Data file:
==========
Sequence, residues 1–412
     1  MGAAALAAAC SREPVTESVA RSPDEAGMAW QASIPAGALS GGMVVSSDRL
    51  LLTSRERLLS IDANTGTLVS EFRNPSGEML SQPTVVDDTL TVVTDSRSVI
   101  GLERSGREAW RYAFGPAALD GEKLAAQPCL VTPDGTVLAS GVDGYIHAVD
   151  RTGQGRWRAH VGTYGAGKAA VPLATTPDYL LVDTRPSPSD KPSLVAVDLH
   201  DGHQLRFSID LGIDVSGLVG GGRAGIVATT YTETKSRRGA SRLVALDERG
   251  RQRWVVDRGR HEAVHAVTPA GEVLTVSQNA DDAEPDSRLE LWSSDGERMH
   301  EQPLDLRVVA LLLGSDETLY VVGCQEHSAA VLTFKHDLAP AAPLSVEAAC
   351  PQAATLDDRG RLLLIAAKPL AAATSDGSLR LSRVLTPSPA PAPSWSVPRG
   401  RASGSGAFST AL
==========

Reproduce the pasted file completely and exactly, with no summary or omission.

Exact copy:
Sequence, residues 1–412
     1  MGAAALAAAC SREPVTESVA RSPDEAGMAW QASIPAGALS GGMVVSSDRL
    51  LLTSRERLLS IDANTGTLVS EFRNPSGEML SQPTVVDDTL TVVTDSRSVI
   101  GLERSGREAW RYAFGPAALD GEKLAAQPCL VTPDGTVLAS GVDGYIHAVD
   151  RTGQGRWRAH VGTYGAGKAA VPLATTPDYL LVDTRPSPSD KPSLVAVDLH
   201  DGHQLRFSID LGIDVSGLVG GGRAGIVATT YTETKSRRGA SRLVALDERG
   251  RQRWVVDRGR HEAVHAVTPA GEVLTVSQNA DDAEPDSRLE LWSSDGERMH
   301  EQPLDLRVVA LLLGSDETLY VVGCQEHSAA VLTFKHDLAP AAPLSVEAAC
   351  PQAATLDDRG RLLLIAAKPL AAATSDGSLR LSRVLTPSPA PAPSWSVPRG
   401  RASGSGAFST AL